Max & Louie’s production of Grey Gardens The Musical may not be perfect in every details. But it’s incredibly satisfying for a number of reasons.
It is, of course, the story of Jacqueline Bouvier Kennedy Onassis’ cousins, a mother and daughter who became recluses on Long Island, a story made famous by Albert and David Maysles’ documentary film Grey Gardens. (I once sat next to David Maysles on a plane. He wanted to talk about anything but that, so much to-do had there been over it.)
For St. Louis audiences, this is a new show, very much in the contemporary style of a musical-not-a-comedy. Casting is the key to much of the show’s success, starting off with Debbie Lennon who plays, at various times, both the daughter and the mother in the show, which takes place in 1941 and 1973. Lennon is remarkable, a fine voice and excellent acting in each of the two demanding roles. In the 1941 segment, the ingenue-age daughter is played by Madeline Purches, innocent – or is she? - and peppy, and sounding great.
In the second act, Lennon is the middle-aged daughter, head swathed in scarves because she apparently suffered from alopecia, and living with her mother, with whom she’d always had a complex, tumultuous relationship. In this act, Mom is the very capable Donna Weinsting, roaring and wailing and manipulating. Her husband had left her, her birth family’s money was dissipated, and the house is in disarray, disrepair and decrepitude.
We never see the husband/father who left the family. But the father/grandfather of the women, retired Major J.V. Bouvier, played by Tom Murray, appears, a nice mix of stiff upper lip and warmth, and endearingly shown by Murray. He’s shepherding around two other granddaughters, Jackie and Lee, and, yes, they do grow up to be very well known, indeed, perhaps because Major Bouvier sings to them “Marry Well”. The song’s a model of antiquated thinking, but in the situation becomes notable and somehow rather poignant. The young sisters are Phoebe Desilets as Jackie and Carter Eiseman as Lee, acting, singing and dancing like professionals. Good work, young women.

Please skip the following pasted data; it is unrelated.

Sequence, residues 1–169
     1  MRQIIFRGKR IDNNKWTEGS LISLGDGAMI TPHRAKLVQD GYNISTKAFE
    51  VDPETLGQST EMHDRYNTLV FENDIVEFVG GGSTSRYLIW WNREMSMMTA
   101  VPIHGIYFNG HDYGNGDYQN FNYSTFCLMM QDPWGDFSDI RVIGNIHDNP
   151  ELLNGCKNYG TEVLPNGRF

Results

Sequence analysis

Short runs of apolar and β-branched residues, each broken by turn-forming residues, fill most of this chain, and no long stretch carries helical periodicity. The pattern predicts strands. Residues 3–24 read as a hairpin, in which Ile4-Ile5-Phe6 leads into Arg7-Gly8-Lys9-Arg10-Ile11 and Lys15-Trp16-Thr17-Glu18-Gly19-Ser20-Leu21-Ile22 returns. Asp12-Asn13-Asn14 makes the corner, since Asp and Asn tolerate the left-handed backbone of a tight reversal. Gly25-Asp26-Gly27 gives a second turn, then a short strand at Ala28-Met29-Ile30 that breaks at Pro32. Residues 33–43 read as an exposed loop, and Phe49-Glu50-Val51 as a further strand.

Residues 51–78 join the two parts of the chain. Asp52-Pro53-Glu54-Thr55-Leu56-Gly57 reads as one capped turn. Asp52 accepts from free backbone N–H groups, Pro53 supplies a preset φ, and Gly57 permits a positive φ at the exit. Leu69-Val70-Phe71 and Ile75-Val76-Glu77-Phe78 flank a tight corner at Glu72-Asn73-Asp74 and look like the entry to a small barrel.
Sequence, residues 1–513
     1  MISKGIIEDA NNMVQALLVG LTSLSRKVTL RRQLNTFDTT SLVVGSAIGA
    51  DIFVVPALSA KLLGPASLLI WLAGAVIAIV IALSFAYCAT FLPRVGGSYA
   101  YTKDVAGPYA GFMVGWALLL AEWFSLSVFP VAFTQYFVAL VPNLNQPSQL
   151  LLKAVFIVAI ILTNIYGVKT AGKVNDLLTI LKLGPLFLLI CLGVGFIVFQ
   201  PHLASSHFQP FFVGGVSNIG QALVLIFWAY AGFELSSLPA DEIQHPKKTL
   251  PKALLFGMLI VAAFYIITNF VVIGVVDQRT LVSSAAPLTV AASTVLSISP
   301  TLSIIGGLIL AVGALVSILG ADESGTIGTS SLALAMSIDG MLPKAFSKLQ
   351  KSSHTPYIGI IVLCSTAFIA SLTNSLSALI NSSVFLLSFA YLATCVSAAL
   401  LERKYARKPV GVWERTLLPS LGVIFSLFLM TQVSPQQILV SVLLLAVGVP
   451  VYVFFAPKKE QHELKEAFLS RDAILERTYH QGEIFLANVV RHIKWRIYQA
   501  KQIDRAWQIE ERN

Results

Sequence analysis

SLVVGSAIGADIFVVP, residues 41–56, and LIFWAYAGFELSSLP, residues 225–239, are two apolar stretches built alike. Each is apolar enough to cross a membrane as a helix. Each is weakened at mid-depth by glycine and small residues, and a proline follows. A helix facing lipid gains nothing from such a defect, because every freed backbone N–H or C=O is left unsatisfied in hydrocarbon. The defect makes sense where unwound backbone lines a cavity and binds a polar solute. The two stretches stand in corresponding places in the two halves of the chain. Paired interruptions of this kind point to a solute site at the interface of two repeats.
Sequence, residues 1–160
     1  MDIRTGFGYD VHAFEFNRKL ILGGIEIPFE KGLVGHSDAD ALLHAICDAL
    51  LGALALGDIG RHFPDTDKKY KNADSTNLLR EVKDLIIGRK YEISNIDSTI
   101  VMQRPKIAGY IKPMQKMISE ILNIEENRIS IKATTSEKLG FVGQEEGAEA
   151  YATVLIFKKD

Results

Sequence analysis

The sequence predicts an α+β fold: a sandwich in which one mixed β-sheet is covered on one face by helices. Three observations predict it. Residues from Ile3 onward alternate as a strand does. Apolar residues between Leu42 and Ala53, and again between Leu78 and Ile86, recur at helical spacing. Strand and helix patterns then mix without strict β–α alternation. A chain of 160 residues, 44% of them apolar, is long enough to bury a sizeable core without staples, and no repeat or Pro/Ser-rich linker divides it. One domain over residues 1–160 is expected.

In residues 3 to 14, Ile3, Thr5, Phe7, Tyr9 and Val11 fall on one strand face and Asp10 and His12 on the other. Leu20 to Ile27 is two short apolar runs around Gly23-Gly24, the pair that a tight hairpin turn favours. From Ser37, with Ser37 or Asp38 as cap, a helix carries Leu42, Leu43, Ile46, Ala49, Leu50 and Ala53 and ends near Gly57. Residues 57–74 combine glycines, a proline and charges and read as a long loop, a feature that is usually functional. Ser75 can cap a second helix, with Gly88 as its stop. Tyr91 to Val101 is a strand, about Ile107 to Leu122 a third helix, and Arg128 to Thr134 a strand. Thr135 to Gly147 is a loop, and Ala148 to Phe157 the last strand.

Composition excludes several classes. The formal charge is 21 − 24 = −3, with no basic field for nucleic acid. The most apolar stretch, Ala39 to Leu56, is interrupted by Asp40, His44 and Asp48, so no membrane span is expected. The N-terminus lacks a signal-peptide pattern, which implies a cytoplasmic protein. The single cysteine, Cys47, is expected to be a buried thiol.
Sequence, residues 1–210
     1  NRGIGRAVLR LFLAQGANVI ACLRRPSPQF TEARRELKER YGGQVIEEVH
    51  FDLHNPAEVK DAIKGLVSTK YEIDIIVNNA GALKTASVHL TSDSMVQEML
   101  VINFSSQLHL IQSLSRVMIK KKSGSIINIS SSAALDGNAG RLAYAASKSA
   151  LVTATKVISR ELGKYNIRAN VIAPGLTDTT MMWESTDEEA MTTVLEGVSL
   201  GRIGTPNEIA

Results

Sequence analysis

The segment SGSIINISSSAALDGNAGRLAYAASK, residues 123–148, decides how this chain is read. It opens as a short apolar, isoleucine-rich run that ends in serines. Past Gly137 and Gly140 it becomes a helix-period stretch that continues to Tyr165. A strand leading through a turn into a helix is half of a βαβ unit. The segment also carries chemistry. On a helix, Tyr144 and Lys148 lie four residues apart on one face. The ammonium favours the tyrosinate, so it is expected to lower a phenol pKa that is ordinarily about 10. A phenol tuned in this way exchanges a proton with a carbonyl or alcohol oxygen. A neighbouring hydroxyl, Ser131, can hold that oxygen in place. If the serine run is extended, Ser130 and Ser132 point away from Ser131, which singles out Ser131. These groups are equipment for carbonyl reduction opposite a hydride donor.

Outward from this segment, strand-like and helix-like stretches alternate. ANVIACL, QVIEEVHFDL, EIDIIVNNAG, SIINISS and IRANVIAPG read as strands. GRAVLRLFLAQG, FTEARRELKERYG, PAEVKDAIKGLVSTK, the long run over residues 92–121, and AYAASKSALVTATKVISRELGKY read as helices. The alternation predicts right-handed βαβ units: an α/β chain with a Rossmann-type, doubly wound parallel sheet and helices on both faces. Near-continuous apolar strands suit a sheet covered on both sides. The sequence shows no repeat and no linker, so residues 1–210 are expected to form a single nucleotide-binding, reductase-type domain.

Will Bonfiglio is the rather stiff Joe Kennedy, Jr., the fiance-to-be of young Edie (a match that is sheer literary license), and the laid-back handyman, Jerry. The permanent houseguest, an early Kato Kalin, is brought to life by Terry Meddows, always a fast guy with a quip. Brooks, the father who’s the butler and the son who’s their landscaper, comes to us from Omega Jones, another contrast of stiff and traditional versus easy-going.
Annamaria Pileggi directed this difficult story. It’s difficult not because it’s complicated and hard to understand but because there’s family drama and, it becomes increasingly clearer, mental illness. No happy endings, but an interesting tale. The set, which is various parts of the eponymous house, is from Dunsi Dai. Michael Sullivan’s lighting is an integral part of the story and worth paying particular attention to. The New York and Boston accents are distressingly inconsistent and probably could have been skipped altogether.
Neal Richardson, the musical director who’s also on piano, works with violinist Kyle Twomey and cello player Ethan Edwards, nice work from them and well-balanced sound courtesy of Casey Hunter.
It’s the combination of story, voices and acting that come together to make this a whole that’s greater than its individual parts. As such, it’s a worthwhile experience.
Grey Gardens The Musical
through July 30
The Wool Family Studio
Jewish Community Center Staenberg Family Complex
2 Millstone Campus Drive, Creve Coeur
Max & Louie Productions